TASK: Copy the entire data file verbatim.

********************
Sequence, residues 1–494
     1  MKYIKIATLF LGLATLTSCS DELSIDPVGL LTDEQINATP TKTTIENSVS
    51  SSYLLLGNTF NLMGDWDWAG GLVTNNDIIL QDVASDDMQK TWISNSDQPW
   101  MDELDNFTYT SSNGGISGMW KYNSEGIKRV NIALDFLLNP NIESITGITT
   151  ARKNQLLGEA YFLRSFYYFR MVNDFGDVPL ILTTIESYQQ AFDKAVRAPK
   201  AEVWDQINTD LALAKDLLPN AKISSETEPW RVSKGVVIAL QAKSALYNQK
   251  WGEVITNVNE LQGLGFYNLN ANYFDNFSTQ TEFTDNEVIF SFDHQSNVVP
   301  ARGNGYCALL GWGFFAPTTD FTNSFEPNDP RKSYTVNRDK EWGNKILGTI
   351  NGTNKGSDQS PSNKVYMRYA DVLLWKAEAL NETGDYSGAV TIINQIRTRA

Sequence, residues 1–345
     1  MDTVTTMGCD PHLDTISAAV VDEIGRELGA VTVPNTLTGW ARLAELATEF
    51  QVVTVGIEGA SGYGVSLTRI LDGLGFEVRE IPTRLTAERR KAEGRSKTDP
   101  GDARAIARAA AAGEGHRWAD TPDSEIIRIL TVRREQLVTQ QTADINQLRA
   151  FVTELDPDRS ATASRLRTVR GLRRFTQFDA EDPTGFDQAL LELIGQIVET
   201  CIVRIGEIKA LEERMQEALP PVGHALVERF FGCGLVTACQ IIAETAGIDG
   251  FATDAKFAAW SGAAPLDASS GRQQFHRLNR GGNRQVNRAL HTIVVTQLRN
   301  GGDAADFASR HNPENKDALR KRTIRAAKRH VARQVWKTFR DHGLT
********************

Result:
Sequence, residues 1–494
     1  MKYIKIATLF LGLATLTSCS DELSIDPVGL LTDEQINATP TKTTIENSVS
    51  SSYLLLGNTF NLMGDWDWAG GLVTNNDIIL QDVASDDMQK TWISNSDQPW
   101  MDELDNFTYT SSNGGISGMW KYNSEGIKRV NIALDFLLNP NIESITGITT
   151  ARKNQLLGEA YFLRSFYYFR MVNDFGDVPL ILTTIESYQQ AFDKAVRAPK
   201  AEVWDQINTD LALAKDLLPN AKISSETEPW RVSKGVVIAL QAKSALYNQK
   251  WGEVITNVNE LQGLGFYNLN ANYFDNFSTQ TEFTDNEVIF SFDHQSNVVP
   301  ARGNGYCALL GWGFFAPTTD FTNSFEPNDP RKSYTVNRDK EWGNKILGTI
   351  NGTNKGSDQS PSNKVYMRYA DVLLWKAEAL NETGDYSGAV TIINQIRTRA

Sequence, residues 1–345
     1  MDTVTTMGCD PHLDTISAAV VDEIGRELGA VTVPNTLTGW ARLAELATEF
    51  QVVTVGIEGA SGYGVSLTRI LDGLGFEVRE IPTRLTAERR KAEGRSKTDP
   101  GDARAIARAA AAGEGHRWAD TPDSEIIRIL TVRREQLVTQ QTADINQLRA
   151  FVTELDPDRS ATASRLRTVR GLRRFTQFDA EDPTGFDQAL LELIGQIVET
   201  CIVRIGEIKA LEERMQEALP PVGHALVERF FGCGLVTACQ IIAETAGIDG
   251  FATDAKFAAW SGAAPLDASS GRQQFHRLNR GGNRQVNRAL HTIVVTQLRN
   301  GGDAADFASR HNPENKDALR KRTIRAAKRH VARQVWKTFR DHGLT